A Pretentious & Self-Aware Review of Assassination Nation

A Pretentious & Self-Aware Review of Assassination Nation

*This review is simply a hot take a mere hour after viewing this film, but I think this is a film I’ll be contemplating for quite a while. Hopefully I’ll write something later on after I’ve let the film sit with me for a longer period of time. *
(Requisite Experiential Opener from a white, straight man):
I saw the trailer for this film one time before today. I had never heard of it and I didn’t know anything about it. However, there were cues within the trailer that made me think that it would strike all the chords I like in genre film. I did not look any further into the film after I watched whatever (apparently) forgettable film I paid to see afterward. Needless to say, I walked into an 11:10 am screening in Tulsa, OK with little to no expectations. Two other guys—seemed to be friends—were in the theater. That was all. I don’t know what intrigue brought them to that film at that time of morning and I didn’t ask. I wasn’t even sure what specifically made me put this down on my review schedule other than an ambiguous gut instinct based on a trailer. There we sat. Three white guys. I doubt any of us actually knew what we were about to see.
(The Requisite Struggle to transition from Experiential Tome to Summary of Film):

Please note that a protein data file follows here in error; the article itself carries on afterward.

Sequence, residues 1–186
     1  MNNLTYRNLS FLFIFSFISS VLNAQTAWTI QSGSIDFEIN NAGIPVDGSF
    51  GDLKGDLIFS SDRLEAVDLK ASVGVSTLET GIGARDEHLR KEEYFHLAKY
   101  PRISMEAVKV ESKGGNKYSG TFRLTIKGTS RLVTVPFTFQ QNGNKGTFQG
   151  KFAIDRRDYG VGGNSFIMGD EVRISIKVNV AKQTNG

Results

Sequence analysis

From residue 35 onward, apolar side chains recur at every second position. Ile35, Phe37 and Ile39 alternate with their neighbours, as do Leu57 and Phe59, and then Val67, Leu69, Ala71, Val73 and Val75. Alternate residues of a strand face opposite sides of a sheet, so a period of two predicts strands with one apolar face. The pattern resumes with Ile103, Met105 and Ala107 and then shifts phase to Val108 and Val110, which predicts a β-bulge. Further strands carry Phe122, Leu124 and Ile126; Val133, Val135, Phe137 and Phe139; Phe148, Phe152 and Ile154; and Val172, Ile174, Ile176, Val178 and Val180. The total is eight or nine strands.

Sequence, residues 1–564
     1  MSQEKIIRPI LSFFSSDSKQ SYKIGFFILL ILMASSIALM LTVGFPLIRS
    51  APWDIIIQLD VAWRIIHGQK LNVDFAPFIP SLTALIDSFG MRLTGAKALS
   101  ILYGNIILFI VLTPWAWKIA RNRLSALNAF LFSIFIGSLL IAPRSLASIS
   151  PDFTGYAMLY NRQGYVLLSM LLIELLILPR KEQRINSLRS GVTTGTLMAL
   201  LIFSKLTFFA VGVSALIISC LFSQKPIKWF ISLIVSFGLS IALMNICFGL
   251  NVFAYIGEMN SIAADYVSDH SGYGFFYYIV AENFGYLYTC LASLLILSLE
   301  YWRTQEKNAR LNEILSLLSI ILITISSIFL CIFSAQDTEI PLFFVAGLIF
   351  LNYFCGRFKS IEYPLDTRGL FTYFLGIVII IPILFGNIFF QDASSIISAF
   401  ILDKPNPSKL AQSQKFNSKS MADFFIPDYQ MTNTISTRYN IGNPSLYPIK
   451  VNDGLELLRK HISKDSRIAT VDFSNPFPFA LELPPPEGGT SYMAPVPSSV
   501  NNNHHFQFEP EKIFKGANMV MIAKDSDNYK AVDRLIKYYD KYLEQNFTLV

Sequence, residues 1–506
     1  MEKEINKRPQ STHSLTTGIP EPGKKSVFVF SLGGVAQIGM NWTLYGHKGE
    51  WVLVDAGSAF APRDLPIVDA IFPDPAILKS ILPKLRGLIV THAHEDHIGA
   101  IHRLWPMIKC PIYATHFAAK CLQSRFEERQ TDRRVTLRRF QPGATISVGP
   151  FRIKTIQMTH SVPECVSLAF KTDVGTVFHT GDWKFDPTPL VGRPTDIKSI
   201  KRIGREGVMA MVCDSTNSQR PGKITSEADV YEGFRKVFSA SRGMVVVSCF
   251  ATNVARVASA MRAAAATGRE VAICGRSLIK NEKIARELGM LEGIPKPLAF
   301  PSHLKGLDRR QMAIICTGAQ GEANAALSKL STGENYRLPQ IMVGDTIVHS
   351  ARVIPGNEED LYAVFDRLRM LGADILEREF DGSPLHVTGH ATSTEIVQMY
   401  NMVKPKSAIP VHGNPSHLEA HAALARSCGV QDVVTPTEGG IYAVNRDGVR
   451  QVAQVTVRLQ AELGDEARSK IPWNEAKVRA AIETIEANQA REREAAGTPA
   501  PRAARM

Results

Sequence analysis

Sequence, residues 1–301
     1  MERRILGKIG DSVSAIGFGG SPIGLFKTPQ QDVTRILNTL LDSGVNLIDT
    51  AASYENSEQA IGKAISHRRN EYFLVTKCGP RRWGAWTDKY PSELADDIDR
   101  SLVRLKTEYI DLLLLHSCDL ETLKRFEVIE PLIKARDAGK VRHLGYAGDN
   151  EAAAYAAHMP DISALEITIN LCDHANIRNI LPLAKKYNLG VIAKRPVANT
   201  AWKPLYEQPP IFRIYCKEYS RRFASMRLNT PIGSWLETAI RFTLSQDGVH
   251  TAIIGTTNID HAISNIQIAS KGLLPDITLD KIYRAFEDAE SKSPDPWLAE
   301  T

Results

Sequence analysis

I partly wish I had been sitting on the same row as the two other guys in the theater because I wonder what looks would have been exchanged between us during the opening credits, the split screens, the revelations and the brutal, blood-splattered finale. Oh, and as the trigger warnings blaring at the beginning of the film suggested, the fragile male egos that would be displayed in the film. It’s hard to summarize this film because, on one hand, it is a blatant political statement turned stylish, American Kinji Fukasaku knockoff, but in between the politics and the explicit behavior shown throughout the film is a message that feels like the actual point of the film cleverly hidden in plain sight.
This is, however, a film about the threat of our internet footprints being brought to the light by some external person who wants to watch the world burn. The town of Salem turns against one 18-year-old girl—and her three friends—accused of being the hacker behind the leak which has led to the destruction of the town’s denizens. While that is a fair representation of the main thrust of the film, it is really only the last third of it. The other two-thirds is tense build-up, wry commentary on the social media age, the objectification of women and the masks that we wear to hide who we actually are. Quite literally once every person’s secrets are out for perusal, those enraged begin to wear actual masks to hide their identity as they turn to violence against the perceived hackers—really, whoever they want to hurt. “Hacker” in the parlance of this film is just as arbitrary and unfocused as “terrorist” is in modern American policy. (There is even a waterboarding scene!)
Other films that attempt to weld so many styles and tones together have failed, but Assassination Nation moves gracefully through the opera of dystopia at the narrative’s core. Yet it is not the science fiction visionary dystopia we are used to. There are no ravaging diseases or overarching all-seeing eye. The dystopia in the mind of this film is one that actually feels quite possible within the state of American society now. It is the dystopia of un-closeted skeletons. The brutal discrepancy and hypocrisy hiding in the spaces between our social media posts and our web browser histories.